To this end it is a feature that a continuous strip of heat-sensitive tape is provided having a body of high tensile strength, such as nylon, and a thermoplastic coating of comparatively low melting point, such as polyethylene. The tape is initially tacked to the outer face of a continuous web of liner board and is continuously drawn forward in the combiner by and with the liner board to the point of union of the liner board with a web of corrugated sheet material. The liner board web is subjected to heating on one or both of its faces while en route to the point of union with the corrugated sheet, being conducted under tension over a heated, convex surface while in a dry condition. The heat activates the heat-sensitive adhesive, and causes the tear strip to become firmly united with the liner board web before the latter meets the web of corrugated sheet material.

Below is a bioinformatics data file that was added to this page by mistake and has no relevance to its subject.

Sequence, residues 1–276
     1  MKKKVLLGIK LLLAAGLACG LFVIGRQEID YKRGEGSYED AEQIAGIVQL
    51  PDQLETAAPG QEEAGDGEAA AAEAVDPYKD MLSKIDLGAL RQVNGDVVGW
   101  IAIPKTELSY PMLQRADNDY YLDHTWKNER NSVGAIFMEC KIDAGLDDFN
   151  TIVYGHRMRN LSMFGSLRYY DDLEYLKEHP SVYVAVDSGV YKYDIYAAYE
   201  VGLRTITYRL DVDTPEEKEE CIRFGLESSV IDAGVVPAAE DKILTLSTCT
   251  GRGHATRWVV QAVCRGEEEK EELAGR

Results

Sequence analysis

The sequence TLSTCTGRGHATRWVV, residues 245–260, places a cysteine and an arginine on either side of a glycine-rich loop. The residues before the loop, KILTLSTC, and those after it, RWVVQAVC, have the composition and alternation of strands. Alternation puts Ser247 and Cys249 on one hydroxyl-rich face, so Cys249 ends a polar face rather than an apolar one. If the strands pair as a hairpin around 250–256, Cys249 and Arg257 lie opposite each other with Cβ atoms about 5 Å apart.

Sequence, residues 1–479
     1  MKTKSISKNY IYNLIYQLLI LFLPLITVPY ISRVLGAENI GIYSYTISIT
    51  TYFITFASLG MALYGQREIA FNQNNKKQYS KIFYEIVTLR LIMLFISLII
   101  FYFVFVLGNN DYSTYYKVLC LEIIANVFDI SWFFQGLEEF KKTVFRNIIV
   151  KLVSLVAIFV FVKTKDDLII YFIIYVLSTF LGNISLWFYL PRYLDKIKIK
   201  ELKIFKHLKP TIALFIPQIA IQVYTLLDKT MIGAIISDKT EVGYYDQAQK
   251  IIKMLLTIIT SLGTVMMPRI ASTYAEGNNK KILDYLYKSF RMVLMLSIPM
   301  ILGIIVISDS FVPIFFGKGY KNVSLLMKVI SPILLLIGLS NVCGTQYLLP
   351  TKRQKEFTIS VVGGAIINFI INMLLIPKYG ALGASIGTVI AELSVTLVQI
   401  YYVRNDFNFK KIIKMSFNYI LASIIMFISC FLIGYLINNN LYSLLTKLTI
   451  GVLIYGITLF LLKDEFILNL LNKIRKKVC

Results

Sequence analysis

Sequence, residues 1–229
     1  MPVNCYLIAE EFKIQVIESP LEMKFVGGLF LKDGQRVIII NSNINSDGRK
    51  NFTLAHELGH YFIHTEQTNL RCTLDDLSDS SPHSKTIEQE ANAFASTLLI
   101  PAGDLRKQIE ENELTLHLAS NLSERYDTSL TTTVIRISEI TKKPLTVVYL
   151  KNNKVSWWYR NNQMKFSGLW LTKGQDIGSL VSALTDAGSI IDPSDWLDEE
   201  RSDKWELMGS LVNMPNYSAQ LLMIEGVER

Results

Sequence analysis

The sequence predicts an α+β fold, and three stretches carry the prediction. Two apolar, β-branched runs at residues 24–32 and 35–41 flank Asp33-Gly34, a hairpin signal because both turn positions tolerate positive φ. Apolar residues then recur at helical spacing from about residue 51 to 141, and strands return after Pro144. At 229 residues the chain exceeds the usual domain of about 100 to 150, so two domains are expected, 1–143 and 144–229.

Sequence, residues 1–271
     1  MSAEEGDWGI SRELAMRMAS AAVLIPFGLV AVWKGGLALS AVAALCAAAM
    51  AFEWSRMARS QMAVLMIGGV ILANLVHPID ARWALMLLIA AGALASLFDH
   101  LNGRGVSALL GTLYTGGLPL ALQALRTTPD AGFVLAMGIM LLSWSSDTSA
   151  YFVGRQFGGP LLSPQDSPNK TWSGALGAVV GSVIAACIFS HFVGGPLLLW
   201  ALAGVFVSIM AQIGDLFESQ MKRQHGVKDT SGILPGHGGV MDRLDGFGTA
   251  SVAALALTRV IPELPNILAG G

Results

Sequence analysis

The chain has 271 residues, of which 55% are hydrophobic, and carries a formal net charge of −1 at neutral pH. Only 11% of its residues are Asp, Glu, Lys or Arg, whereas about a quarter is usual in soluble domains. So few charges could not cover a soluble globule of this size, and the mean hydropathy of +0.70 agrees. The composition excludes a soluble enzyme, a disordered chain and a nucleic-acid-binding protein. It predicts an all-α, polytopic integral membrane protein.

The web which is destined to form the corrugated sheet is steamed and corrugated prior to union with the liner board, and has adhesive applied on the ridges or crowns of the corrugations, being then delivered to the point of web union between a corrugating roll and an opposed pressure roll. The liner board is there pressed against the ridges of the corrugated web by the positively acting pressure roller while the ridges have the benefit of positive support from the teeth of the corrugating wheel.

Regardless of'the side from which the heat is applied, it is a point that the heater is regulated to maintain a temperature high enough to activate the heat-sensitive coating of the tape but low enough to avoid injury to the tape body. When Mylar or nylon tape, coated with polyethylene, is employed, the temperature is maintained between 300 F. and 350 F. A nice temperature control can be maintained by adjusting the pressure at which steam is maintained within the heater.

The result is that a very effective tear strip is provided at no extra expense other than the mere cost of the material of the tear strip and the added mechanism for feeding the tear strip to the board.